ewolf Crowley

U.S. welcomes its 1st fully electric tugboat eWolf

Florida-based marine company Crowley has taken delivery of eWolf, the first all-electric, ship-assist harbor tugboat in the U.S.

Image credit: Crowley

Crafted under the expertise of Florida-based Crowley, the 82-foot (25-meter) eWolf is designed as a zero-emission vessel as it would operate fully electric.

eWolf has a 6-Mwh energy storage system with sufficient capacity enabling the vessel to deliver one full day of normal work without using a drop of fuel. 

“The eWolf will provide services through its advanced vessel control technology and first-in-class energy features, while providing the safety, quality and reliability that Crowley and our mariners are known for,” said James Fowler, senior vice president and general manager of Crowley Shipping.

“We are thrilled to reach this important achievement for our company and the U.S. maritime industry through the collaboration with our partners.”

The vessel was developed through collaboration with federal and California agencies, under the watchful eye of Crowley Engineering Services and the Jensen Maritime Naval Architecture and marine engineering group.

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The tug, constructed by Master Boat Builders at its shipyard in Coden, Alabama, will generate 178 tons less of nitrogen oxide (NOx), 2.5 tons less of diesel particulate matter and 3,100 metric tons less of carbon dioxide (CO2) over the first 10 years of its operations – the equivalent of removing 350,000 gallons of gas from use, according to EPA calculations. The vessel uses ABB’s integrated electrical propulsion system and Schottel’s RudderPropellers type SRP 430 with the LE-Drive.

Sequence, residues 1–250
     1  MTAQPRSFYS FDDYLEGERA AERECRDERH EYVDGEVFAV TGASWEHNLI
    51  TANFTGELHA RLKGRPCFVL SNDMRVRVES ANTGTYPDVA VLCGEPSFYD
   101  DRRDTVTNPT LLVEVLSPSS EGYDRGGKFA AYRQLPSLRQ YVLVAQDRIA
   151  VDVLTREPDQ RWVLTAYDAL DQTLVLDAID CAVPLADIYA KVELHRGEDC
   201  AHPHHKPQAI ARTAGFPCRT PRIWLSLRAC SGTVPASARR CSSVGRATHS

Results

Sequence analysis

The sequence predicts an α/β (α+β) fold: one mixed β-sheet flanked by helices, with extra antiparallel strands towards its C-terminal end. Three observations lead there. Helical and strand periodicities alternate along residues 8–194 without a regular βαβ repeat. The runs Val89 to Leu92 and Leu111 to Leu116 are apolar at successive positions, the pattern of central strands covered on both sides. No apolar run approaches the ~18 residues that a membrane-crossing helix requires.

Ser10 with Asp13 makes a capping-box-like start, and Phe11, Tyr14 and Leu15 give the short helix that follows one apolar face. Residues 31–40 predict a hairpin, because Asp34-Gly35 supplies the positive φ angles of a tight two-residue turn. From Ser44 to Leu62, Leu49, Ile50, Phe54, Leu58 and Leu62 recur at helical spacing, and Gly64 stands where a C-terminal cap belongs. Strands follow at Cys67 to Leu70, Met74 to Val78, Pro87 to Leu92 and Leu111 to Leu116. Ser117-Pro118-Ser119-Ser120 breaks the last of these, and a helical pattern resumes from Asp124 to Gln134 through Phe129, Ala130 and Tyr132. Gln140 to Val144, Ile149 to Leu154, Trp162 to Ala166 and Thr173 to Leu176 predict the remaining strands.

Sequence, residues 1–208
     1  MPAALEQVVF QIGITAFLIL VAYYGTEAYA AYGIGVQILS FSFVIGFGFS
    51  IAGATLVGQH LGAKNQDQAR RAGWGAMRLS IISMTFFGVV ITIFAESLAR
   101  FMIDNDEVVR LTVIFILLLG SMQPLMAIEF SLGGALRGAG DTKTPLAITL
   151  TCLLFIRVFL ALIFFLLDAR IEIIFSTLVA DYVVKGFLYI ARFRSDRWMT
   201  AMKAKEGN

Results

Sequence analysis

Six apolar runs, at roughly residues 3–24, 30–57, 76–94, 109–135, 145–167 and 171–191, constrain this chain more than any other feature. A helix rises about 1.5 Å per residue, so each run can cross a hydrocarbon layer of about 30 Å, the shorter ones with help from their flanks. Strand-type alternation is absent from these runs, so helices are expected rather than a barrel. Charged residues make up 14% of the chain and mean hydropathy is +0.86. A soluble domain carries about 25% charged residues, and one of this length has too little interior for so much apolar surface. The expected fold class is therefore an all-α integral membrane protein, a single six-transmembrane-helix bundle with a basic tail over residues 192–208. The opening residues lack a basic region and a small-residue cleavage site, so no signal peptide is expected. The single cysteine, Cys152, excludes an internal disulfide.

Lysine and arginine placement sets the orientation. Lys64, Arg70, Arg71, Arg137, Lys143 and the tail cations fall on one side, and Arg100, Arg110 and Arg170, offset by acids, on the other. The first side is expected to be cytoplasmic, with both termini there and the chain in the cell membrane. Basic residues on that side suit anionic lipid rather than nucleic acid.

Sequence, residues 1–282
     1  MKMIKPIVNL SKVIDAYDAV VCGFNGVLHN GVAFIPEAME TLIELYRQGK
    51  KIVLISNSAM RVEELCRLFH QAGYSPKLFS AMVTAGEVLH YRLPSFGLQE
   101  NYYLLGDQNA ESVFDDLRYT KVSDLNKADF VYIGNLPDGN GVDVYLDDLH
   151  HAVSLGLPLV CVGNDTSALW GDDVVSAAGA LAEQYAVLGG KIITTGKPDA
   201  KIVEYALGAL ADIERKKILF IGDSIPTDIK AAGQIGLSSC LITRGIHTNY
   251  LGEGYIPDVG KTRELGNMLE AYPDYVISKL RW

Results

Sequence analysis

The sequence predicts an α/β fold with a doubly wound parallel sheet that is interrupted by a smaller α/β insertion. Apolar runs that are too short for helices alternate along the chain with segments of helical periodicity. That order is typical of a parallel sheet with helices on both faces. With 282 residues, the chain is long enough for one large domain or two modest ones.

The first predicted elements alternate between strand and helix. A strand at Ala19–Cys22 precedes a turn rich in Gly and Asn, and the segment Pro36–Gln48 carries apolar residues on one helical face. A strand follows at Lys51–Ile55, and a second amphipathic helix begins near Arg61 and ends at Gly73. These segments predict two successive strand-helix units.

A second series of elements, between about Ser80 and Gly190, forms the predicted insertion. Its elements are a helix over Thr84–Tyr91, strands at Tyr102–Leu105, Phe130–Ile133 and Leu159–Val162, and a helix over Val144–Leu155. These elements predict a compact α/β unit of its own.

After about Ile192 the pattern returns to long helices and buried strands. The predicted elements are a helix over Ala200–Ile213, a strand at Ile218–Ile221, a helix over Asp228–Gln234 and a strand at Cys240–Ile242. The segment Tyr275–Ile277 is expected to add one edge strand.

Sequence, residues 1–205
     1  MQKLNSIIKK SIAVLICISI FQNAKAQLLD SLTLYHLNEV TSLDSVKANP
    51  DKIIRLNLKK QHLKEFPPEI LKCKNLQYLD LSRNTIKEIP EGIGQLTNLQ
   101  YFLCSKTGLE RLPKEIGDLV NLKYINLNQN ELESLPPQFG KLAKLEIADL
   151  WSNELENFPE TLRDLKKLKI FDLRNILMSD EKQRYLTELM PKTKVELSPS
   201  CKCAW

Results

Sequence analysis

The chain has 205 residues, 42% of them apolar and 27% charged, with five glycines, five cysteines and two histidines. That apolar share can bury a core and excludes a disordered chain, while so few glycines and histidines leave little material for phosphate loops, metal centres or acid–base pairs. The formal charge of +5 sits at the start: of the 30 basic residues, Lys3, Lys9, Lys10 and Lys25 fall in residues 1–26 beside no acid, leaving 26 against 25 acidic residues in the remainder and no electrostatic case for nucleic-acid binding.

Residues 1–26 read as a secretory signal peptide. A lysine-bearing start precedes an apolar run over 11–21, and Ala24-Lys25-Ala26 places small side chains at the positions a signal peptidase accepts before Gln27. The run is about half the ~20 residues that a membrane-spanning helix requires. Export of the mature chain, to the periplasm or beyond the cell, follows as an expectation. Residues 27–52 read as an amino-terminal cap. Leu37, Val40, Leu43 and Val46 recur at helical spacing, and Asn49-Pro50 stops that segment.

“The eWolf demonstrates where the maritime industry can go, in terms of both innovation and sustainability, with solid partnerships between owners, designers, suppliers and shipyards,” said Garrett Rice, president of Master Boat Builders.

“We are proud to have partnered with Crowley in the construction of the eWolf and look forward to seeing her at work in San Diego very soon.”

After transport and final demonstration trials, the 82-foot harbor tug will operate at the Port of San Diego upon completion of Crowley’s microgrid shoreside charging station.

The charging station is a microgrid charging facility that will allow vessels to recharge quickly while reducing peak loads on the community energy grid. It is equipped with two containerized energy storage systems provided by Norway-based energy storage company Corvus Energy.

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Harbor operations are expected to begin in the spring of 2024. The project partners include the Port, San Diego County Air Pollution Control District, the California Air Resources Board (CARB), the U.S. EPA and the U.S. Maritime Administration.